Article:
A P J Abdul Kalam Technological University board plans steps to boost under-performing engineering colleges

The University will now monitor the subpar colleges and prod them to achieve better results. 

Published: 19th August 2019 05:09 AM  |   Last Updated: 19th August 2019 05:09 AM   |  A+A-

A P J Abdul Kalam Technological University

Image for representational purpose only. ( Express Illustration)

By Express News Service

THIRUVANANTHAPURAM: With most of the first batch BTech students failing in the final year exams, the A P J Abdul Kalam Technological University (KTU) Board of Governors meeting on Saturday decided to initiate various measures to improve the standards of the under-performing engineering colleges of the state. 

The University will now monitor the subpar colleges and prod them to achieve better results. “Based on our findings, some colleges have below average results and these colleges will be monitored regularly. Besides, the university will also start a ‘Student Support Centre’ to hear the student complaints and facilitate better communication between them and the varsity,” University Registrar G P Padmakumar said. The varsity has also decided to make an internship part of the curriculum.

KTU has also formed an academic reforms committee to constitute panels at all engineering colleges to identify and guide academically deficient students. As a first step, separate expert panels will be set up in each college - including self-financing colleges - to monitor students who fail regularly.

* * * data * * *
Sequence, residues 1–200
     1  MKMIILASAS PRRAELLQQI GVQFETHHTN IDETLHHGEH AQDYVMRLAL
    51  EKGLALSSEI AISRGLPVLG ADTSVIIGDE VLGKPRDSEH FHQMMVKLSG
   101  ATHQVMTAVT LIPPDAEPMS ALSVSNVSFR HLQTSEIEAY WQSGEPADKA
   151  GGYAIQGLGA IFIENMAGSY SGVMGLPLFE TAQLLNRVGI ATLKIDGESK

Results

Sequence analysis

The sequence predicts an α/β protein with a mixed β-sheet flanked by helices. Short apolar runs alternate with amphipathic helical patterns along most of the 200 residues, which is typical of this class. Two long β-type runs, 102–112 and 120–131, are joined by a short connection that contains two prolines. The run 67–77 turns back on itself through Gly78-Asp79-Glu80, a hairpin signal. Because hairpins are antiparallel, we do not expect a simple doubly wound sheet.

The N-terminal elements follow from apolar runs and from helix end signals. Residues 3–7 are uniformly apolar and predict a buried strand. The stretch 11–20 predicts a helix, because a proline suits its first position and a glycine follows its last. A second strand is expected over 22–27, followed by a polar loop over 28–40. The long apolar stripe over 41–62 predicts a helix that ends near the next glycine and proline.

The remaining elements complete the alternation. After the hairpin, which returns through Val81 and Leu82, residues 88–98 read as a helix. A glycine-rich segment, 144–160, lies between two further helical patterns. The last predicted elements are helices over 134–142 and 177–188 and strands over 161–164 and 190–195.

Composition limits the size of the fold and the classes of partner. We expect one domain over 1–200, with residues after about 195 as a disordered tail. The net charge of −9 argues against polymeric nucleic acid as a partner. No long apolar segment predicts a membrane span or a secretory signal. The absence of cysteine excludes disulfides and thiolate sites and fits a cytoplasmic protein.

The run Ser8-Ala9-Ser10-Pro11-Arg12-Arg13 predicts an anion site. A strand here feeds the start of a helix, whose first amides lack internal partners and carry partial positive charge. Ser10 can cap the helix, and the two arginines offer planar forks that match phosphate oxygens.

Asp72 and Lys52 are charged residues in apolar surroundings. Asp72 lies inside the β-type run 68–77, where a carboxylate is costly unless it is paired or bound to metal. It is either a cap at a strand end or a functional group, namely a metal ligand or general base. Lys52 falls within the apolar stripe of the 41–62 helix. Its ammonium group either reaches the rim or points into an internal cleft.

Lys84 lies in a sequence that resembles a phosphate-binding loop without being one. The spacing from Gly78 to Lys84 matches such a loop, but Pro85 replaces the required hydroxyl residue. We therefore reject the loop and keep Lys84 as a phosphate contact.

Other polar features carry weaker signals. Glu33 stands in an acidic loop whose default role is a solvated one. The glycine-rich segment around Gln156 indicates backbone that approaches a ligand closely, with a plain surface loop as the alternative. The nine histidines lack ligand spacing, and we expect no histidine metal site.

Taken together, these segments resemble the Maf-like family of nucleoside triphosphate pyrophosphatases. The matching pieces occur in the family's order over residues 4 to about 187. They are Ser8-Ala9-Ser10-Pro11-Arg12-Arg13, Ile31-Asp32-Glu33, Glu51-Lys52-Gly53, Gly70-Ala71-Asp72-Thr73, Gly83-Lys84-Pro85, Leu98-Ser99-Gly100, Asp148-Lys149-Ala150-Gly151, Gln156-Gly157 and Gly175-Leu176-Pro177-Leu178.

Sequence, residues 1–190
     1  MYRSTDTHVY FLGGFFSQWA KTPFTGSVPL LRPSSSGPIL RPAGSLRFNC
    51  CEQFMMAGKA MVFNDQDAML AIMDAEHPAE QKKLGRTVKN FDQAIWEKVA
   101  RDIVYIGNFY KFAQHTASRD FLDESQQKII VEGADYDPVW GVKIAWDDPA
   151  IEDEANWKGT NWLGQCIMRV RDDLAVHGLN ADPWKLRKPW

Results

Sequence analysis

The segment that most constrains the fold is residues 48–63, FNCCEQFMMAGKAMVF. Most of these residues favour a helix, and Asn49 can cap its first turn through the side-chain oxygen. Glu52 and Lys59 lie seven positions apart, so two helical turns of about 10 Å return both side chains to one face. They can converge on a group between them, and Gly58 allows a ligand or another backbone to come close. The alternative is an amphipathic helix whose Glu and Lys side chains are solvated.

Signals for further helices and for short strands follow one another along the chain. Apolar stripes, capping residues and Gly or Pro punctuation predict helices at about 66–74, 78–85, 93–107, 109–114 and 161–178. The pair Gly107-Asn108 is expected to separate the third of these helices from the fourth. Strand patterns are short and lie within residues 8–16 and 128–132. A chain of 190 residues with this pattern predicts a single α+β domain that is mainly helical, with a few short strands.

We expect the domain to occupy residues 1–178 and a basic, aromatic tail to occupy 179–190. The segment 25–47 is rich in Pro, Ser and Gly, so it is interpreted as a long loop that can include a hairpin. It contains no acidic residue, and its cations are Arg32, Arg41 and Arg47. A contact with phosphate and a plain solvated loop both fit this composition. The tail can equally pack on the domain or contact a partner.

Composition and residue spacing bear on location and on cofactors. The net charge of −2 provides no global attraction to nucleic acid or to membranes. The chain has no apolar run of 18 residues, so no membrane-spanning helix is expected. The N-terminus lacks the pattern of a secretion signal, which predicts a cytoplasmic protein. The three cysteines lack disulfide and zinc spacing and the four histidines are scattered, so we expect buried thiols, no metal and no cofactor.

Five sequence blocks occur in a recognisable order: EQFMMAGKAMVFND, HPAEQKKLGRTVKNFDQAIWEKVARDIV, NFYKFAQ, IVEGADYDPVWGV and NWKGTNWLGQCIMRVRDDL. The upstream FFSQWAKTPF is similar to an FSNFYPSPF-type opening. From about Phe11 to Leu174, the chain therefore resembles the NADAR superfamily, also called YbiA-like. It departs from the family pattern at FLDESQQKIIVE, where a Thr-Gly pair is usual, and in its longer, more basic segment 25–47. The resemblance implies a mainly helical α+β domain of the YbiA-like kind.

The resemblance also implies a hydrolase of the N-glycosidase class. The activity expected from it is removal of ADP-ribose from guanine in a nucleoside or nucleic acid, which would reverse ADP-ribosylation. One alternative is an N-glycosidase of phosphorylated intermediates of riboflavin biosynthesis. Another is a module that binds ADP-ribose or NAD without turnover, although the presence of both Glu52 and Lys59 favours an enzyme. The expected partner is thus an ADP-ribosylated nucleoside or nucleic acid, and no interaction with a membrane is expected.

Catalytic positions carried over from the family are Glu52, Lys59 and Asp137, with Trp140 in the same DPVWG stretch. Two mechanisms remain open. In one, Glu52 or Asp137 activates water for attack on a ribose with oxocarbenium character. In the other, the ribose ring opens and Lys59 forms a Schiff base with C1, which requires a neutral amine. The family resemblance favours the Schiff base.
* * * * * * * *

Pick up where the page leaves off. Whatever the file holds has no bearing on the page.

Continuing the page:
The panel will comprise faculty members and skill development experts. The panel will train students in job skills and guide them based on their passion and taste. 

The KTU’s first BTech batch had begun on August 1, 2015. A total of 40,071 students were admitted to various engineering colleges in 2015, of which, 4,967 students could not reach up to semester 8 and overall 2,010 students had dropped out. In the varsity results published in June, the first B tech batch secured a pass percentage of only 36.41 per cent. 

Most failures were in self- financing colleges. Of the 12,803, who passed the examination, 511 students became eligible for B Tech Honours. 

In the last batch of the previous system, 10,000 students out of 37,391 who had enrolled in the engineering and technology programme had failed in 2016-17. 


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